Artificial Intelligence (AI) Breakthrough

AI generative models and the question of Ethics


From UPSC perspective, the following things are important :

Prelims level: Latest developments in AI

Mains level: ChatGPT, AI generative models, limitations and challenges



  • 2022 had an unusual blue-ribbon winner for emerging digital artists; Jason Allen’s winning work Théâtre D’opéra Spatial was created with an AI Generative model called Midjourney.

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What is Midjourney?

  • Midjourney is an AI based art generator that has been created to explore new mediums of thought.
  • It is an interactive bot, which uses machine learning (ML) to create images based on texts. This AI system utilises the concepts and tries to convert them into visual reality.
  • It is quite similar to other technologies such as DALL-E 2.


The journey of AI generative models so far

  • Midjourney generator: Midjourney is one of the rash of AI-generated Transformer or Generative or Large Language Models (LLMs) which have exploded onto our world in the last few years.
  • Earlier models: Models like BERT and Megatron (2019) were relatively small models, with up to 174 GB of dataset size, and passed under the collective public radar.
  • Composition skills of GPT3: GPT3, released by OpenAI with a 570 GB dataset and 175bn parameters was the first one to capture the public consciousness with some amazing writing and composition skills.
  • Models that creat images or videos based on texts: The real magic, however, started with Transformers which could create beautiful and realistic pieces of art with just a text prompt OpenAI’s DALL-E2, Google’s Imagen, the open-source Stable Diffusion and, obviously, Midjourney. Not to be left behind, Meta unleashed a transformer which could create videos from text prompts.
  • ChatGPT, a latest and more evolved, like real communication: Recently in late 2022 came the transformer to rule them all ChatGPT built on GPT3, but with capabilities to have real conversations with human beings.


Are these models ethical?

  • Ethics is too complex a subject to address in one short article. There are three big ethical questions on these models that humanity will have to address in short order.
  1. Environmental: Most of the bad rap goes to crypto and blockchain, but the cloud and these AI models running on it take enormous amounts of energy. Training a large transformer model just once would have CO2 emissions equivalent to 125 roundtrips from New York to Beijing. This cloud is the hundreds of data centres that dot our planet, and they guzzle water and power at alarming rates.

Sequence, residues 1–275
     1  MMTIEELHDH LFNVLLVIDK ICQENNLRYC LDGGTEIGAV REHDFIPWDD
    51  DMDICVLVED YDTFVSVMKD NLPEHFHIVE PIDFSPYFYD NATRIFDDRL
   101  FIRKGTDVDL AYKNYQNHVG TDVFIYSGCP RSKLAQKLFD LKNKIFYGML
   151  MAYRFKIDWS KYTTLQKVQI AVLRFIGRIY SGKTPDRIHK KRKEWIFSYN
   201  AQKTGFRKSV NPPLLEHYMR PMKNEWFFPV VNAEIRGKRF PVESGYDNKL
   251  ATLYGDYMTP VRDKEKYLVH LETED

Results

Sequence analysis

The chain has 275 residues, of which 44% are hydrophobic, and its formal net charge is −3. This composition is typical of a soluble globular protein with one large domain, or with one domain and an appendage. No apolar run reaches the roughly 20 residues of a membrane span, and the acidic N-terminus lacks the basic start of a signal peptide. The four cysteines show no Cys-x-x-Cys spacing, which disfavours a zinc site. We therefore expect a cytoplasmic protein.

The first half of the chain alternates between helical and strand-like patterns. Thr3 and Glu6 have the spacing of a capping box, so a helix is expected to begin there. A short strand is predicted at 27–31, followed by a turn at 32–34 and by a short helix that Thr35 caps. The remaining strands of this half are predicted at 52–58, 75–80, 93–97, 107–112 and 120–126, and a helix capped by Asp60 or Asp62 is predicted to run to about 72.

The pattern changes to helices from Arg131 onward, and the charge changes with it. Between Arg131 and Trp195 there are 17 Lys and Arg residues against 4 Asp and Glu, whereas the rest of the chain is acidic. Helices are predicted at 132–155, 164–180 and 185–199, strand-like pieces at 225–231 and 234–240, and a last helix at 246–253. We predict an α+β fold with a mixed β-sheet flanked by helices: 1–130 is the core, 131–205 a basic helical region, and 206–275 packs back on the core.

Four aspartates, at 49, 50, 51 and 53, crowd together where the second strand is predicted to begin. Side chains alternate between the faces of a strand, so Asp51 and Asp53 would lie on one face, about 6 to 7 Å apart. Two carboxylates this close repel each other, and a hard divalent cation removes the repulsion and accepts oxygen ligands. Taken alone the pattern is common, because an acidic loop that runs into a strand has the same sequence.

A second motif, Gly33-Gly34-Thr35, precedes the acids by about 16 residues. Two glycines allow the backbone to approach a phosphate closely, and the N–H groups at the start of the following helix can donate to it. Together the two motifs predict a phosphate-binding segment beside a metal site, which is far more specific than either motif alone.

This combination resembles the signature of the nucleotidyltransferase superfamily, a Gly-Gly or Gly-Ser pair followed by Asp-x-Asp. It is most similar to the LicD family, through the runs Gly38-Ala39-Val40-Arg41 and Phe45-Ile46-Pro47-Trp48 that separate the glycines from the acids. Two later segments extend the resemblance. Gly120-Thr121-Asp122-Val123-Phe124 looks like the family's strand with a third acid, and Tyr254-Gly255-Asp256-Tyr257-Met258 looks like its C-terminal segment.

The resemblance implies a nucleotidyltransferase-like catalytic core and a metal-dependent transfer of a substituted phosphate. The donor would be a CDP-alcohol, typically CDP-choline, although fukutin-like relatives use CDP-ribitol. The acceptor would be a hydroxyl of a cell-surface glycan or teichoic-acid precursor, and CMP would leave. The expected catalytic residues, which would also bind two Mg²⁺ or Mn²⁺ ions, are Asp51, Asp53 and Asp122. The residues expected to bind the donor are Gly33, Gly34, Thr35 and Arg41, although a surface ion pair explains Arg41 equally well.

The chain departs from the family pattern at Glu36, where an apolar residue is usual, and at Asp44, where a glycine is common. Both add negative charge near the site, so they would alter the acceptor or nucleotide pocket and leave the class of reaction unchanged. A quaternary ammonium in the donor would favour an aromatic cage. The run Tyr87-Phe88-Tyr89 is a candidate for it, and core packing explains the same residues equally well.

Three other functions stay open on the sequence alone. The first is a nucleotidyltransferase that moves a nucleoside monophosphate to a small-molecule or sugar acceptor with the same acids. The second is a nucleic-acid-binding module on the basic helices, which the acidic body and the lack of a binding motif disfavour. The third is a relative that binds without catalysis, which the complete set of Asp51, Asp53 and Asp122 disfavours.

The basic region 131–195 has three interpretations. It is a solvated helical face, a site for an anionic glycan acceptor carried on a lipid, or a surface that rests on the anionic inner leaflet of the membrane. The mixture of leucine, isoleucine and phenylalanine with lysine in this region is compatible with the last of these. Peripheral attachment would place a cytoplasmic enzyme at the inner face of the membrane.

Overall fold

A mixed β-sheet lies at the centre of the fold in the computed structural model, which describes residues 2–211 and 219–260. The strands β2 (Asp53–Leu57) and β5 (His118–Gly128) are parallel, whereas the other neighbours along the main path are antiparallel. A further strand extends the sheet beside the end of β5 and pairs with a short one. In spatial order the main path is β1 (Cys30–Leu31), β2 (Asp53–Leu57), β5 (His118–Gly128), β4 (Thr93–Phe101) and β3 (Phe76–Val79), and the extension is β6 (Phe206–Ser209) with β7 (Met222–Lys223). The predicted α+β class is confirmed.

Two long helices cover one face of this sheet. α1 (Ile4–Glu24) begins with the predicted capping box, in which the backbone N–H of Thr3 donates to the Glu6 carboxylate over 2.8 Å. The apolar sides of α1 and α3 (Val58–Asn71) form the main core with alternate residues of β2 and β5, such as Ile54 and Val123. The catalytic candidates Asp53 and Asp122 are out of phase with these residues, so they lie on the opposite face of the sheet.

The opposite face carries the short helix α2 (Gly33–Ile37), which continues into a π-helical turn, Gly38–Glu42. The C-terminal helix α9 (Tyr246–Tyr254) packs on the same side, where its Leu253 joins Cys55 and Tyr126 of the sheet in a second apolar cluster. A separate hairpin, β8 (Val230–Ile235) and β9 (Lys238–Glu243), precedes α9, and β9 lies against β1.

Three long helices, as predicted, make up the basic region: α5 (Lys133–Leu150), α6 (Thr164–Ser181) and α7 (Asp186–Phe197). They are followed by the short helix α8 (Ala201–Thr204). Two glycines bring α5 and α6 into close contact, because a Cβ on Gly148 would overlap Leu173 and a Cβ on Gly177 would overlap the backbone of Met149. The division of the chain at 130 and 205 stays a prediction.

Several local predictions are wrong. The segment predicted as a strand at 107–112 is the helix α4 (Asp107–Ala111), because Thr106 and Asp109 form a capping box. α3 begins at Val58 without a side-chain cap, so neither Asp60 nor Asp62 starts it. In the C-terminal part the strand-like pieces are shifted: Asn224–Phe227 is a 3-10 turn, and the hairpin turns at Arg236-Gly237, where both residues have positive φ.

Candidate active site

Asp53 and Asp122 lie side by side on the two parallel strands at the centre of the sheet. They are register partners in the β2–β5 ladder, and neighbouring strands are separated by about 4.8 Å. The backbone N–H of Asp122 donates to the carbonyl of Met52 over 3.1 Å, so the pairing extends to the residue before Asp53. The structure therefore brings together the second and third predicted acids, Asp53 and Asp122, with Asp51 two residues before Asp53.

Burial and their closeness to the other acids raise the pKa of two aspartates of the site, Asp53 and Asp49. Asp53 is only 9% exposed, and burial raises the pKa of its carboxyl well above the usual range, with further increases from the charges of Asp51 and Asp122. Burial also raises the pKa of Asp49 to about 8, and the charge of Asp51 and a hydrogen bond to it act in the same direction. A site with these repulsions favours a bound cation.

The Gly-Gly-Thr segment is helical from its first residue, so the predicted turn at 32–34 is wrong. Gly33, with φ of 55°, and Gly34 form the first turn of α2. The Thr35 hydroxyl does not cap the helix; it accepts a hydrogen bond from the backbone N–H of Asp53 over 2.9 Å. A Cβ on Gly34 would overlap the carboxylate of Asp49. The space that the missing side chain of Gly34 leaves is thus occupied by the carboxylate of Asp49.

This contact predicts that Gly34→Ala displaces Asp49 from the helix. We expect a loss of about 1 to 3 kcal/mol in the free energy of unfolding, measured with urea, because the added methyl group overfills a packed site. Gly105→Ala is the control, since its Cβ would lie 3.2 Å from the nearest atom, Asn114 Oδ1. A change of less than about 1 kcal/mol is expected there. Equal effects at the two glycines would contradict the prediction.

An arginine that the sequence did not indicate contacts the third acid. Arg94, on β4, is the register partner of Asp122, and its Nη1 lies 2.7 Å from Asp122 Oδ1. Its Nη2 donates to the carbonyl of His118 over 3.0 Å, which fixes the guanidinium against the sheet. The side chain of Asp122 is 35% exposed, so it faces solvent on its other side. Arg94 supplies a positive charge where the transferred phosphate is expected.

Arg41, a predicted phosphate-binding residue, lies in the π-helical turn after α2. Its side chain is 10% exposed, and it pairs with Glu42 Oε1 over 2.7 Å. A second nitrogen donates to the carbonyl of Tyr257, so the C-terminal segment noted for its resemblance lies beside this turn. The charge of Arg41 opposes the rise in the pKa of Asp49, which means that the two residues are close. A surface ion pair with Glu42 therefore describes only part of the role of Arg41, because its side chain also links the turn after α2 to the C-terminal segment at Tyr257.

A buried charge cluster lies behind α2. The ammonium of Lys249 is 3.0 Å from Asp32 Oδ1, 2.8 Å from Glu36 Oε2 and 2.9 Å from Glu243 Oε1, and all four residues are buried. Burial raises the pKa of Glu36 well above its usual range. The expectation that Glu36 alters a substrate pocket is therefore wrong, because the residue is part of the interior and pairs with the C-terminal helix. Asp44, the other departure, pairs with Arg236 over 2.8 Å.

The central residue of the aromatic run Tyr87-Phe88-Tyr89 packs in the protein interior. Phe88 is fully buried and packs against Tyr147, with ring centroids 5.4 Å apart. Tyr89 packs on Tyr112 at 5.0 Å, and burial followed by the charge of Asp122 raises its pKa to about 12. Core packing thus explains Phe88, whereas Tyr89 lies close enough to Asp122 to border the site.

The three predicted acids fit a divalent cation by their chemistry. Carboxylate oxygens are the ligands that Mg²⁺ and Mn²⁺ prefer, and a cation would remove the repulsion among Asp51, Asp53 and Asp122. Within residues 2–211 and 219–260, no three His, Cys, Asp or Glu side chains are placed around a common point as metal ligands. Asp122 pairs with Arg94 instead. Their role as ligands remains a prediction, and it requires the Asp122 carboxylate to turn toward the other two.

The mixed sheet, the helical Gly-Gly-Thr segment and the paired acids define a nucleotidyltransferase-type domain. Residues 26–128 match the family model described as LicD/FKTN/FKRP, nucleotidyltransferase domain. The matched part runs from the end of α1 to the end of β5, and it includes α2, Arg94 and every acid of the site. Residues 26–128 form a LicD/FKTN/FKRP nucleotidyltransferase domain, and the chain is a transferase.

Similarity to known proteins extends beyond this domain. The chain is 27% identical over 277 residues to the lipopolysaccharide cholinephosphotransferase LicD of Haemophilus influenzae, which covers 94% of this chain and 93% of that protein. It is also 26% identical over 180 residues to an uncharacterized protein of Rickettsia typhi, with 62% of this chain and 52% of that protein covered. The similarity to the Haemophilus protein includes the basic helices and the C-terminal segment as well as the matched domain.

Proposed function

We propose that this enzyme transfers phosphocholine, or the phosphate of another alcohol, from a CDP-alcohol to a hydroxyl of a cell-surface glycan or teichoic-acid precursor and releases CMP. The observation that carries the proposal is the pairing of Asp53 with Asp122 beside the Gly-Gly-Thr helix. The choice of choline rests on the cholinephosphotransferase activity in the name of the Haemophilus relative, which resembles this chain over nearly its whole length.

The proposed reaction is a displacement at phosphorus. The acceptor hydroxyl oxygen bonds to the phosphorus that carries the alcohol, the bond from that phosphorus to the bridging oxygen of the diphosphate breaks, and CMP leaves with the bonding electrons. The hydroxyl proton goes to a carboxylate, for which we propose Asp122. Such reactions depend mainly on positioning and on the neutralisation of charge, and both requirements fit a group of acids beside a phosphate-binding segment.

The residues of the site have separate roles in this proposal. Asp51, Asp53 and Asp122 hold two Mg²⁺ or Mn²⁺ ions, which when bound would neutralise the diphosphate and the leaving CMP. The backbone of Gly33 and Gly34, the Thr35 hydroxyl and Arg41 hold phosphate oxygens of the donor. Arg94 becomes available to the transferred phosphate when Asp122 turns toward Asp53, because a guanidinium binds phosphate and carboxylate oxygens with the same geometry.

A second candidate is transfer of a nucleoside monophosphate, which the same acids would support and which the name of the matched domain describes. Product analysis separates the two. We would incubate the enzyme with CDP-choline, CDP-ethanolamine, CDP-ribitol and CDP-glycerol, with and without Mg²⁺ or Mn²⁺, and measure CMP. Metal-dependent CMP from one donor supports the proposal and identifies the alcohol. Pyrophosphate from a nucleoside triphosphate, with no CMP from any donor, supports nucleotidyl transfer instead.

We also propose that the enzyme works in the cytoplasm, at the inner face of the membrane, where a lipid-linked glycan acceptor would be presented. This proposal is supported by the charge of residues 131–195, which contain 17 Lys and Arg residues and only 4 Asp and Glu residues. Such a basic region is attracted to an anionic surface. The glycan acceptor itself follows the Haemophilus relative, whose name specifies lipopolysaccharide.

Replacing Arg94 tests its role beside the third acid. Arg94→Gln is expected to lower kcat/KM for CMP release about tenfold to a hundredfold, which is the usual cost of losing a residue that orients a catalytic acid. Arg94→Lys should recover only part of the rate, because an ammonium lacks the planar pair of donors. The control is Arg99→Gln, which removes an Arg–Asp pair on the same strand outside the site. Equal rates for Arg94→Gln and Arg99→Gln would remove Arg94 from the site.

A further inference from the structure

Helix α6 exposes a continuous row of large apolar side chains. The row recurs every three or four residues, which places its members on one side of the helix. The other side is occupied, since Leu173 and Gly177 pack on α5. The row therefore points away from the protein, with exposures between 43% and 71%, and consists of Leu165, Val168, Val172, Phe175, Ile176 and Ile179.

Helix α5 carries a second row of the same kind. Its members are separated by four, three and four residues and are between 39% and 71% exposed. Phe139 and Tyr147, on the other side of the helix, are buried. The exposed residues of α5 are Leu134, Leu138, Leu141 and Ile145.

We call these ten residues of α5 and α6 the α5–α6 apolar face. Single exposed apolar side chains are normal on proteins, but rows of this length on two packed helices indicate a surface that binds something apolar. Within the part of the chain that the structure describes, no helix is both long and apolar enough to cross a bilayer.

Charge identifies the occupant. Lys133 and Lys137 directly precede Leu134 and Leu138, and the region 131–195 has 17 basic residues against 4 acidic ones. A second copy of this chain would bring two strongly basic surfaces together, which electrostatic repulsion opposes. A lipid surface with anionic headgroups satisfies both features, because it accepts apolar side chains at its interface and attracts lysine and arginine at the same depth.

2. Bias; as it do not understand meaning and its implications: The other thorny ethical issue is that sheer size does not guarantee diversity. Timnit Gebru was with Google when she co-wrote a seminal research paper calling these LLMs ‘stochastic parrots’, because, like parrots, they just repeated a senseless litany of words without understanding their meaning and implications.
  3. Plagiarism, question of who owns the original content: The third prickly ethical issue, which also prompted the artist backlash to Allen’s award-winning work is that of plagiarism. If Stable Diffusion or DALL-E 2 did all the work of scouring the web and combining multiple images (a Pablo Picasso Mona Lisa, for example), who owns it. Currently, OpenAI has ownership of all images created with DALL-E, and their business model is to allow paid users to have rights to reproduce, paint, sell and merchandise images they create. This is a legal minefield the US Copyrights office recently refused to grant a copyright to a piece created by a generative AI called Creativity Machine, but South Africa and Australia have recently announced that AI can be considered an inventor.


Do you know ChatGPT?

  • ChatGPT is a chatbot built on a large-scale transformer-based language model that is trained on a diverse dataset of text and is capable of generating human-like responses to prompts.
  • A conversation with ChatGPT is like talking to a computer, a smart one, which appears to have some semblance of human-like intelligence.

What are the other concerns?

  • Besides the legal quagmire, there is a bigger fear: This kind of cheap, mass-produced art could put artists, photographers, and graphic designers out of their jobs.
  • Machine does not have human like sense: A machine is not necessarily creating art, it is crunching and manipulating data and it has no idea or sense of what and why it is doing so.
  • As it is cheap, corporate might consider using it at a large scale: But it can do so cheaply, and at scale. Corporate customers might seriously consider it for their creative, advertising, and other needs.


  • Legal and political leaders across the world are sounding the alarm about the ethics of large generative models, and for good reason. As these models become increasingly powerful in the hands of Big Tech, with their unlimited budgets, brains and computing power, these issues of bias, environmental damage and plagiarism will become even more fraught. Such AI models should not be used to create chaos rather a harmonious existence.

Mains question

Q. Name some of the models of AI based art generators. Discuss the ethical concerns of such models.

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